FIG. 8 illustrates a composite lumen sealing device 66. A first material 72 forms the bulk of lumen sealing device 66, and a second material 74 forms an interface between first material 72 and the end of the lead connector pin 22. The bulk material 72 acts as the spring material of FIG. 7, having a higher elastic modulus than interface material 74. Therefore, interface material 74 deforms more readily than bulk material 72, conforming to the shape of lead connector pin 22 and forming a good seal.
FIG. 9 illustrates a lumen sealing device 66 having a bellows portion 78 which acts as the spring of FIG. 7.
FIG. 10 illustrates a lumen sealing device 66 in the form of a pushable plug, similar to that of 7A and 7B. The plug and connector cavity 18 have matched indents 80 and 82 that ratchet as the plug is pushed in by lead connector pin 22. Preferably, the connector cavity material forming connector cavity indents 82 is harder than the plug material forming the plug indents 80. Many shapes for the indents are possible, such as triangular, square with rounded comers, or sinusoidal. The profile of the plug is preferably the same as the profile of the connector cavity.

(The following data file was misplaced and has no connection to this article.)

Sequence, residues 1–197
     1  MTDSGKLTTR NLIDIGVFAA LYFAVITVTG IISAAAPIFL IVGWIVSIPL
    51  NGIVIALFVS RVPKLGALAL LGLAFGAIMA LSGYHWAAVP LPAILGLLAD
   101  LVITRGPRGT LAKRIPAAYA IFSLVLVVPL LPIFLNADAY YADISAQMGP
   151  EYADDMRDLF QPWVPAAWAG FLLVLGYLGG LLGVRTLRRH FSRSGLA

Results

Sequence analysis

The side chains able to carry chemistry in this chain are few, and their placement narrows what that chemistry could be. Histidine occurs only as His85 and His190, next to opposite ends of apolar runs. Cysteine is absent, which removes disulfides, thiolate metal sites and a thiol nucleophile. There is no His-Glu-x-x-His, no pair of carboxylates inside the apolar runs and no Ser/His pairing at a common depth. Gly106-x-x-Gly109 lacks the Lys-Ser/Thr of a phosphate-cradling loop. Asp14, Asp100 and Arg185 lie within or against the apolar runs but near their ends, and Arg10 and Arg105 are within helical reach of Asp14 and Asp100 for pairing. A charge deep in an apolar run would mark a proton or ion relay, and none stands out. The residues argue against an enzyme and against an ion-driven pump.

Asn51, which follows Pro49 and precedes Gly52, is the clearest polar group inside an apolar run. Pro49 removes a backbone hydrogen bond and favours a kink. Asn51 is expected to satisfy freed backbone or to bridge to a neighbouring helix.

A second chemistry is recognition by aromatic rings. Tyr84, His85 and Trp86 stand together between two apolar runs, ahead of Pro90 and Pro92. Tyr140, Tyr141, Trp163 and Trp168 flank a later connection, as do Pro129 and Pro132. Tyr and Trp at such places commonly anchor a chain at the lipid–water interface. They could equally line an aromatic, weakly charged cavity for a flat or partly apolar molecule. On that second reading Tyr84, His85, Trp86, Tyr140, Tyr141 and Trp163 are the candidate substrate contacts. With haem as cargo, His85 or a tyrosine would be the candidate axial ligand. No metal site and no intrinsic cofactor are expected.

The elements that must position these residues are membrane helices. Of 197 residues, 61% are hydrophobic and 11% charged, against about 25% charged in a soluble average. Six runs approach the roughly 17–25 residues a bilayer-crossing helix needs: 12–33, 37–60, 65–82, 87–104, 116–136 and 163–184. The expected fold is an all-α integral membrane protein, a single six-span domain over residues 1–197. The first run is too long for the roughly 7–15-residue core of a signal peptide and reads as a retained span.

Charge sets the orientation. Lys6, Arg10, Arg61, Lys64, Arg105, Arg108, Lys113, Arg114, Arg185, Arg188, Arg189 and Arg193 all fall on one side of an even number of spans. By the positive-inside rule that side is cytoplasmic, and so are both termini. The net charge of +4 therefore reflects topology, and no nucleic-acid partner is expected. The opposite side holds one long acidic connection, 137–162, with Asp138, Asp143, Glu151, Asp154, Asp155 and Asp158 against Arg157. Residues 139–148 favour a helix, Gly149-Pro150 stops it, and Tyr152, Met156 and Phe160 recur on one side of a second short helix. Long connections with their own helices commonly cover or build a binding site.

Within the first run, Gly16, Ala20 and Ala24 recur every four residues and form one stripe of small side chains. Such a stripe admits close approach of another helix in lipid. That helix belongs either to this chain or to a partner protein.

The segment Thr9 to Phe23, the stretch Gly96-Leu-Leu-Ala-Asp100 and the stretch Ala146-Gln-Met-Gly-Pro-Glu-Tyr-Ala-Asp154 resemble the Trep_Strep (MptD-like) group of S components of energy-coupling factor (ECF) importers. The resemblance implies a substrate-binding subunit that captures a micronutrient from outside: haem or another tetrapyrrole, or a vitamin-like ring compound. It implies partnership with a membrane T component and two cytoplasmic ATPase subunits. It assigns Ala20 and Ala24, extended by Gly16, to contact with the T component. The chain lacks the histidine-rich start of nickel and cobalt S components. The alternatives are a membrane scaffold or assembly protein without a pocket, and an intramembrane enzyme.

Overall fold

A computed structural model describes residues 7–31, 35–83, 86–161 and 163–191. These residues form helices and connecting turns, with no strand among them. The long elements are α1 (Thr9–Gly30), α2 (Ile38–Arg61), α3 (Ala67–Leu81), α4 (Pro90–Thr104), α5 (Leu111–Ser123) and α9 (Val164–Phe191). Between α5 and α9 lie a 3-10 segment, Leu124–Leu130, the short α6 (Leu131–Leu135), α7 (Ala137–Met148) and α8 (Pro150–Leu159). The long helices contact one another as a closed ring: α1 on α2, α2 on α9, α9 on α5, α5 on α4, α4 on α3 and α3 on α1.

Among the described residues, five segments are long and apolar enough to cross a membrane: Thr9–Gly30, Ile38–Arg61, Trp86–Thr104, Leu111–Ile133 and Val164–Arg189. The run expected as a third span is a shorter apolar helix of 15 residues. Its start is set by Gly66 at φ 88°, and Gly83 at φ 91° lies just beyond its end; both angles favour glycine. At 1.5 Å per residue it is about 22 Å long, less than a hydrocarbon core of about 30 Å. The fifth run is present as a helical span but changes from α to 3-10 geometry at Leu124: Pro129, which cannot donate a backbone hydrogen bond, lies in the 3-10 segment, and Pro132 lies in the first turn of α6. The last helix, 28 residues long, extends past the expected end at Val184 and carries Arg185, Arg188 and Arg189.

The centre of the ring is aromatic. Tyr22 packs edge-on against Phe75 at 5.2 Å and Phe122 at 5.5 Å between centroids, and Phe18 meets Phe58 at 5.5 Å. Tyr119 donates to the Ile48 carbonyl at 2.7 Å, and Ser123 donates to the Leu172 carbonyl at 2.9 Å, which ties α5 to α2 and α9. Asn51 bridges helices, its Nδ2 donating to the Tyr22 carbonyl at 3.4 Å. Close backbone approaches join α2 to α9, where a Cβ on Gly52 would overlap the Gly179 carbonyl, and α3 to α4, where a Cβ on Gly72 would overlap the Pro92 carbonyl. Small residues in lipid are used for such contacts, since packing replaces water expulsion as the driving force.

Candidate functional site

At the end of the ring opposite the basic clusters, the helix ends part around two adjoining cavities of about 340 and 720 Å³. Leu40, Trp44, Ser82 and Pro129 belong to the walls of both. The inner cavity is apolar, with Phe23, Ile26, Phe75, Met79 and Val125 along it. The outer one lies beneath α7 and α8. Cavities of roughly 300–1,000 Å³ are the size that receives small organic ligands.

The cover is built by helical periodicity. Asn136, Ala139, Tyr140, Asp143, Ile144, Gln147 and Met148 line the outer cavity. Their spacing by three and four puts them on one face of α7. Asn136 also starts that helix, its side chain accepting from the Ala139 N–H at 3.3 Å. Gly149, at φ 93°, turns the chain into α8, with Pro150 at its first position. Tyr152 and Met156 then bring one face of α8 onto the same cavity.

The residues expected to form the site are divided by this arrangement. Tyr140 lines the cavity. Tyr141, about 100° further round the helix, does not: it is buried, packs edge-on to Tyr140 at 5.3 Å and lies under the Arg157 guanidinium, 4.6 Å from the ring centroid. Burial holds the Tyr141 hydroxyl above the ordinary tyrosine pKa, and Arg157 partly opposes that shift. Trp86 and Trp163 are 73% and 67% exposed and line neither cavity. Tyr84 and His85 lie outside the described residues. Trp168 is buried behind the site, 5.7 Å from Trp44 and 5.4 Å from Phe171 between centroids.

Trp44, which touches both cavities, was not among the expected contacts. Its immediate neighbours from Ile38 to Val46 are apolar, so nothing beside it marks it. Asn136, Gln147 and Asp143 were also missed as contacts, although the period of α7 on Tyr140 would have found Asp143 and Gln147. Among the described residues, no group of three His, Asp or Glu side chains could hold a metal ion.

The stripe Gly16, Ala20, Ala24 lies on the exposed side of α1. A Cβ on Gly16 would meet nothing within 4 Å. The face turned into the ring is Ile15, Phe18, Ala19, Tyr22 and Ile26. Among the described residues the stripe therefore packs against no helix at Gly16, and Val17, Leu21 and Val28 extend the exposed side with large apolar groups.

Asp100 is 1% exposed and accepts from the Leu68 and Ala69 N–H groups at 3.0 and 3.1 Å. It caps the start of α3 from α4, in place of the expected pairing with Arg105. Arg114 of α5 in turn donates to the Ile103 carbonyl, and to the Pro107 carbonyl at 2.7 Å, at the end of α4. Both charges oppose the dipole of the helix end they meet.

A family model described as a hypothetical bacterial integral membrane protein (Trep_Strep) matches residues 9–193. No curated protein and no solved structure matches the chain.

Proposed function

It should be understood that various alternatives to the embodiments of the invention described herein may be employed in practicing the invention. It is thus intended that the following claims define the scope of the invention and that structures and methods within the scope of these claims and their equivalents be covered thereby.
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|U.S. Classification||439/668, 607/5, 439/271, 439/948, 439/909, 607/37|
|International Classification||A61N1/375, H01R13/52, H01R13/24, A61N1/05, H01R4/36|
|Cooperative Classification||A61N1/056, Y10S439/948, H01R13/5205, Y10S439/909, H01R13/5224, A61N1/3752, H01R4/36, H01R13/24|
|European Classification||H01R13/52R, A61N1/375A, A61N1/05N|
|Aug 22, 1997||AS||Assignment|
Owner name: PACESETTER, INC., CALIFORNIA
Free format text: MERGER;ASSIGNOR:VENTRITEX, INC.;REEL/FRAME:008679/0919
Effective date: 19970515
|Nov 14, 1997||AS||Assignment|
Owner name: PACESETTER, INC., CALIFORNIA
Free format text: MERGER;ASSIGNOR:VENTRITEX, INC.;REEL/FRAME:008842/0454
Effective date: 19970515
|Mar 1, 2001||FPAY||Fee payment|
Year of fee payment: 4
|Feb 23, 2005||FPAY||Fee payment|
Year of fee payment: 8
|Mar 23, 2009||FPAY||Fee payment|
Year of fee payment: 12